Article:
SINGAPORE - "How do we find a language of our own?" asked Jamaican author Marlon James, echoing the theme of the 22nd Singapore Writers Festival.
"By listening to the voice that was always there, by waiting - sometimes all your life - to hear that language coming out of your own mouth."
James, the Man Booker Prize-winning author of A Brief History Of Seven Killings (2014), gave the festival prologue on Sunday (Nov 3) at Victoria Theatre.
In a speech peppered with quotations from other writers and dry wit that drew laughter from the audience, he spoke of how he had to "unlearn" his own language in order to reclaim it in writing.
The 48-year-old, who writes most of his novels in Jamaican patois, recalled how he had been taught that the language most natural to him was "broken English" and to regard it with shame.
Aspiring to standard English, he learnt "colonial English" in school - a "verbose, stilted, obsequious" tongue that led a man he had been chatting with at a restaurant to assume he was a waiter and ask him to take his table's order.
James, who earlier this year published Black Leopard, Red Wolf, an epic fantasy inspired by African myth, described fantasy as a "unique genre in that it looks forwards and backwards at once".
"Earlier this year, I was at Oxford (University) and gave the J. R. R. Tolkien lecture (named for the author of The Lord Of The Rings) and I spoke about how lucky it is when a nation has myths they can take for granted."
He had been inspired to write Black Leopard, Red Wolf, after an argument with a friend over the lack of diversity in the casting for the film adaptation of Tolkien's The Hobbit.
"You know Lord of the Rings isn't real," he had told the friend. "It's fantasy. You can pretty much do what you want."
In his address and during a later dialogue with moderator Mrigaa Sethi, he discussed how he researches his novels - for A Brief History, he made two separate glossaries of Jamaican slang from the 1970s and the 1980s so as not to confuse them - and the thorny issue of cultural appropriation.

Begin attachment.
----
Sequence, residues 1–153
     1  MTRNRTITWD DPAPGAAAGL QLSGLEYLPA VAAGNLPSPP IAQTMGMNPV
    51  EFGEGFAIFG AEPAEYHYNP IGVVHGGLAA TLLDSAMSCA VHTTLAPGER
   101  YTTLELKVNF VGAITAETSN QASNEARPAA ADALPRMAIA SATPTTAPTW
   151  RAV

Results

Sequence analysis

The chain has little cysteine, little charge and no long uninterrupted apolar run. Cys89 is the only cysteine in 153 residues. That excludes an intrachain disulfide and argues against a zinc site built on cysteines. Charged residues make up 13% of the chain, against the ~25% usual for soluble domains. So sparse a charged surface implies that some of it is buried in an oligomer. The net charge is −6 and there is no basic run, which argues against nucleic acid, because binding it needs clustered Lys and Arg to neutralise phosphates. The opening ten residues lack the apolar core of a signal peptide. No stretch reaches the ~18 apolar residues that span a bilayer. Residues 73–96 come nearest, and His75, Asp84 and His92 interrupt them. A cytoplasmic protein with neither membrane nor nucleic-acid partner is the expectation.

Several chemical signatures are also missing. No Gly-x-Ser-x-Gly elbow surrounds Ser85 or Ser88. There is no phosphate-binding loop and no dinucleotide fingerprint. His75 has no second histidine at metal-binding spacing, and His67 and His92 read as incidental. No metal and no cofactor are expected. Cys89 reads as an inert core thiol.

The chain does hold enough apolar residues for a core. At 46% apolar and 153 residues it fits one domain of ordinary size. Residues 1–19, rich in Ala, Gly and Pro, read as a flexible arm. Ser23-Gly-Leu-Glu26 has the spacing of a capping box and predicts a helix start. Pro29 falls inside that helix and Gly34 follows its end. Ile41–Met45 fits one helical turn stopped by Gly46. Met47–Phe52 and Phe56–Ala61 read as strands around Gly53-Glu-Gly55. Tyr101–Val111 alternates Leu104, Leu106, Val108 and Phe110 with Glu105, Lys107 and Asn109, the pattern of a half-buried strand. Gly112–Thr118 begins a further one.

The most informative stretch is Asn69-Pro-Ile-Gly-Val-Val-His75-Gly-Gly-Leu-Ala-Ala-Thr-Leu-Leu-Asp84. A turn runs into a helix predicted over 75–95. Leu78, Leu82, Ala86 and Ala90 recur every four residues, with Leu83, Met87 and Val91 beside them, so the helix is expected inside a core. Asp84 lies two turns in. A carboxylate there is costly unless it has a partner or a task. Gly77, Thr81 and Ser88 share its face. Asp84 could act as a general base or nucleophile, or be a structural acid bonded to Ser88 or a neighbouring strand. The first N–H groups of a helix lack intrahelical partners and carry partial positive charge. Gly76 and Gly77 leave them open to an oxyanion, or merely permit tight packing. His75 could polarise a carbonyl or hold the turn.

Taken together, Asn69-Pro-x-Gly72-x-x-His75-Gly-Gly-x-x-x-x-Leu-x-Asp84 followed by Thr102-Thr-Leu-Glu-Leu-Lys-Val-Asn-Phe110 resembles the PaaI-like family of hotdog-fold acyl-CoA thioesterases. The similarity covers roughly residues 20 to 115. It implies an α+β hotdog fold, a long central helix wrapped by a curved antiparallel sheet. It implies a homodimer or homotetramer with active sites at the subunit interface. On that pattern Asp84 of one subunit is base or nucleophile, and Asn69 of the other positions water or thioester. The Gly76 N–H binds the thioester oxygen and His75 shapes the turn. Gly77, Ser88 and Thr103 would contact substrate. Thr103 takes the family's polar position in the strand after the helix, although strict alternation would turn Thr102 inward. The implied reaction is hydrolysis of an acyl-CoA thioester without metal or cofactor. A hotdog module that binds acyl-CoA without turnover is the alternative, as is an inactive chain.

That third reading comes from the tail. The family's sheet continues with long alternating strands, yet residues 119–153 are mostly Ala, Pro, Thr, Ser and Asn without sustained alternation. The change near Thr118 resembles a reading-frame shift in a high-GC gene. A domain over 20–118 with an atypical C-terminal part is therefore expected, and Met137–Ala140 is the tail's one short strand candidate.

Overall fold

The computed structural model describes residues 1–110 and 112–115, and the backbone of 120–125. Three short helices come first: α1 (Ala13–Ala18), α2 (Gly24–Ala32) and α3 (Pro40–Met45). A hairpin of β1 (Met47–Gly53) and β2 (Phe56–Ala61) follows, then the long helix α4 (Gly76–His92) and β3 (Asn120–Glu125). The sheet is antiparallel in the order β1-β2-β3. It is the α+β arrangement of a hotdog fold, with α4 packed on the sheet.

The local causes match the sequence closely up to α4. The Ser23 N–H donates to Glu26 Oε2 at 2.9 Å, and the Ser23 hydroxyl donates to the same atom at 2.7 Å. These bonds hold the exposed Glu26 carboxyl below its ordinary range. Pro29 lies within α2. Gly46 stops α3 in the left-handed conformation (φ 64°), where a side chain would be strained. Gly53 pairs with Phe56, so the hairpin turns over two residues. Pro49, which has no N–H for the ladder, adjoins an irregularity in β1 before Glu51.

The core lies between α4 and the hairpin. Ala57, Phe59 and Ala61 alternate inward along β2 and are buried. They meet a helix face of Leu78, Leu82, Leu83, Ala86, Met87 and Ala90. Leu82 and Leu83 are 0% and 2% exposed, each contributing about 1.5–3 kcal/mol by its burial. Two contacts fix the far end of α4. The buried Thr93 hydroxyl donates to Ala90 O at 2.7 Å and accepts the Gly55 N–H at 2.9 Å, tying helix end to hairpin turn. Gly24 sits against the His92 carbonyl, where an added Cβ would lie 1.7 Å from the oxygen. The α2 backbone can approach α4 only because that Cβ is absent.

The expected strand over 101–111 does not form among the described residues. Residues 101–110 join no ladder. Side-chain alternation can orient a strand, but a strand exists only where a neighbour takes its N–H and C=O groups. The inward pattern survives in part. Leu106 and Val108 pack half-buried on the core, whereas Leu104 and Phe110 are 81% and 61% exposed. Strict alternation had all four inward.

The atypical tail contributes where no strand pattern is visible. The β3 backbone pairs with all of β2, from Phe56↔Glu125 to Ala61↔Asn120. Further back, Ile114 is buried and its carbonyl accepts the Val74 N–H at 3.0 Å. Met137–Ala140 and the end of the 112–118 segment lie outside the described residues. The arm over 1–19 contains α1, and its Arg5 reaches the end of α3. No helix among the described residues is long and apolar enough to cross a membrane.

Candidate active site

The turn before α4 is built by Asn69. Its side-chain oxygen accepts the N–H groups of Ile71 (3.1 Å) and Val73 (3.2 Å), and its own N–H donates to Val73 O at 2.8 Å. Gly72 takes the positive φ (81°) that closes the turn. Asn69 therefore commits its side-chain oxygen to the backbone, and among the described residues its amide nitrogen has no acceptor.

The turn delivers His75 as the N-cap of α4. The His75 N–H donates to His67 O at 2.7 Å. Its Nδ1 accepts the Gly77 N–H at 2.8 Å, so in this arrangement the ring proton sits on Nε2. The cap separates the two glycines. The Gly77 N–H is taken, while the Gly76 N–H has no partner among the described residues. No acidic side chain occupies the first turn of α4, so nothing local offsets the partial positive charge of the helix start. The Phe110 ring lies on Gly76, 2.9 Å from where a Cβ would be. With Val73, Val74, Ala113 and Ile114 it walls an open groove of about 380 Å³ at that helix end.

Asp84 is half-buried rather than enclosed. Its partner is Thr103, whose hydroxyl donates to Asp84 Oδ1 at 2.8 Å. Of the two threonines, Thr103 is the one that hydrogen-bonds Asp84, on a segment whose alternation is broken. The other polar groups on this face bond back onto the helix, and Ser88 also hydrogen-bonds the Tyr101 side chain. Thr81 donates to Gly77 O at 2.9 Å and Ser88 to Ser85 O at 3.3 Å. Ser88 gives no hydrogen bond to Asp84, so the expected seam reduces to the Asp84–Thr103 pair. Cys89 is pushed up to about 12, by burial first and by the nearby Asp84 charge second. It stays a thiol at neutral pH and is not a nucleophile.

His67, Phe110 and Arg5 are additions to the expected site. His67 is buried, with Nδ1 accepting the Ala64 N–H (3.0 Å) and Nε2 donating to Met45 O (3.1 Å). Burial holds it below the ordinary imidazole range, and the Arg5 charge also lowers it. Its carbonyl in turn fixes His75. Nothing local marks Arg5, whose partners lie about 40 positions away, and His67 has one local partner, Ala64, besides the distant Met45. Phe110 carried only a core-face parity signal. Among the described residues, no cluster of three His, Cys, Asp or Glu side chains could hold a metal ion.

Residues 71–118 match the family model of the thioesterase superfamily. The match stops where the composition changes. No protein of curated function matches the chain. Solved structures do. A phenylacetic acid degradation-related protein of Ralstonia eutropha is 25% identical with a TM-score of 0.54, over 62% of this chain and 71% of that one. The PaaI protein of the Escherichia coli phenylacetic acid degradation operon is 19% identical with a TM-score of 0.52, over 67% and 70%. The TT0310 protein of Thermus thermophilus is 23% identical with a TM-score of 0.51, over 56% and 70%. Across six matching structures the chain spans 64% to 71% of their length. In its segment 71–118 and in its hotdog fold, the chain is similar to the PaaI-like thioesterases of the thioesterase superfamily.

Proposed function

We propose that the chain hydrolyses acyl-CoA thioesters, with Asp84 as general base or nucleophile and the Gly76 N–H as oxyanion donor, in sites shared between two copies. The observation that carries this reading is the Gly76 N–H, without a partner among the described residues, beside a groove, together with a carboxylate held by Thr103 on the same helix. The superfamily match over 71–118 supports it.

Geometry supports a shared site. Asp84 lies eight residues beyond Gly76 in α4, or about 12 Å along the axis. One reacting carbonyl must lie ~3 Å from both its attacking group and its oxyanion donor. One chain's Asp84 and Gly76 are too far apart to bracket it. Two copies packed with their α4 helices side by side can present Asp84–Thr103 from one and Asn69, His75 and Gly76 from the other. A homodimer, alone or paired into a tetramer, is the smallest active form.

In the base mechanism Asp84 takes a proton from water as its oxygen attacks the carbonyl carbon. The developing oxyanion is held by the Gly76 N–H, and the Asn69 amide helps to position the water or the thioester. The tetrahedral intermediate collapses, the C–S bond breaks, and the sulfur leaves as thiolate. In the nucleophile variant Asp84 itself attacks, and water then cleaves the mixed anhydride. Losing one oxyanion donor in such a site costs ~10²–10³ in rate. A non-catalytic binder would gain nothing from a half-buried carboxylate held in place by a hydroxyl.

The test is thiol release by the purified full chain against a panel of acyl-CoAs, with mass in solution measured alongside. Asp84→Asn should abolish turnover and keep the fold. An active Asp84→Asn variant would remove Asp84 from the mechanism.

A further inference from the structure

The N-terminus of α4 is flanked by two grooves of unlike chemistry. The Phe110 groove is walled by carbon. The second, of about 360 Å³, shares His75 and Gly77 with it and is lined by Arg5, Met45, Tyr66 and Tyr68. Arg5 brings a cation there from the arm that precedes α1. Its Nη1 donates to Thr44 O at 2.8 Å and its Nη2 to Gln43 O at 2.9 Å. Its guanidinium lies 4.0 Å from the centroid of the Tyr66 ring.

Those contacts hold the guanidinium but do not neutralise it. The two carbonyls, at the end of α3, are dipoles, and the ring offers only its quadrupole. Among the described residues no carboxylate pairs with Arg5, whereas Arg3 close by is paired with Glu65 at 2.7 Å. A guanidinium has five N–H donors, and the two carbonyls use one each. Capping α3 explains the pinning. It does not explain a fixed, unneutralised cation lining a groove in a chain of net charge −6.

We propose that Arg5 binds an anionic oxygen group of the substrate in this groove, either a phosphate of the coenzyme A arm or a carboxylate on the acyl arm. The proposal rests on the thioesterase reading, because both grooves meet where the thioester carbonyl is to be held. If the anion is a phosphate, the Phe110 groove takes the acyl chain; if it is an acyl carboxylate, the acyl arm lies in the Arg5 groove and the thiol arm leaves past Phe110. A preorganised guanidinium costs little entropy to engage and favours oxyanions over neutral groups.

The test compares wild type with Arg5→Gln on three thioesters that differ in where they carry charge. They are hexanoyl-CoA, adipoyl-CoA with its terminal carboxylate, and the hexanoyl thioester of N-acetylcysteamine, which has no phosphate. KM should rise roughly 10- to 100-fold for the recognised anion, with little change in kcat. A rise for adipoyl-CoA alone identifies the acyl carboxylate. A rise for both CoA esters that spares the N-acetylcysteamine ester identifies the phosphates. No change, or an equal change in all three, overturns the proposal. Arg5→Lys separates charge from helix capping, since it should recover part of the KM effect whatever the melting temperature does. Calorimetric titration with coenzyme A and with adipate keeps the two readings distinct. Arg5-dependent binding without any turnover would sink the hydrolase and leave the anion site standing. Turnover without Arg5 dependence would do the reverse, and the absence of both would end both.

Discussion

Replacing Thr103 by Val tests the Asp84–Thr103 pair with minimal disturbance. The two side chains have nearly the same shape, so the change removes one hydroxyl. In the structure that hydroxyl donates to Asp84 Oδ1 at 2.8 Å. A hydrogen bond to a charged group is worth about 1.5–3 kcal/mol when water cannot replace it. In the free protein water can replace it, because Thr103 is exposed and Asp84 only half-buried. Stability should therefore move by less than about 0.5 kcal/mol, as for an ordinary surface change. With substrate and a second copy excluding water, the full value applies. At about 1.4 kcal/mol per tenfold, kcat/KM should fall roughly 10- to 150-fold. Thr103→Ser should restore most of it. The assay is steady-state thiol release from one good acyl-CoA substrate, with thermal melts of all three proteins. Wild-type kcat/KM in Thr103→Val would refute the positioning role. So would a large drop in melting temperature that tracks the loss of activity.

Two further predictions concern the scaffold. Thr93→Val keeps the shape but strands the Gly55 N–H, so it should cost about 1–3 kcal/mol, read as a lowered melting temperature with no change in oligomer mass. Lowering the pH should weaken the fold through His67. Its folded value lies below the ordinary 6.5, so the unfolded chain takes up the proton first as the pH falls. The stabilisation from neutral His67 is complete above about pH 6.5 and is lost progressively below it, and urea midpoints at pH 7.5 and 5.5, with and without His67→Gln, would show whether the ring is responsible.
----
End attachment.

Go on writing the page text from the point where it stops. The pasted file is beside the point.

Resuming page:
"We never have a problem when the appropriation is pulled off," he said.
Deniers of cultural appropriation, he observed, believe themselves to be defending freedom of expression, but what they are doing is attacking the right to criticise.
"We're not saying leave other cultures alone, we're saying there's a difference between David Bowie and Vanilla Ice. Both take from black music. One is brilliant, the other sucks."
The late Bowie is one of the most celebrated rock stars in music history. Vanilla Ice is a rapper. Both are white.
He added: "Embracing diversity means coming to other stories on their terms instead of Orientalism with a guilty conscience on top."
He also shared his own fear of writing. "I approach every blank page with utter terror that this will be the one where I fail."
"I'm scared the whole time," he added later. "I'm just too stupid to stop."
Audience member Tom Varghese, 34, who works at a technology company, said he appreciated the nuance of James' take on cultural appropriation. "I am impressed that he was so generous in his response. It's a take that is very much needed right now.
"Also he was funny and charming and very, very present. It really felt like he wanted to be here."
The festival, which is organised annually by the National Arts Council and has 290 writers, speakers and artists in 260 programmes this year, runs at the Civic District until next Sunday (Nov 10).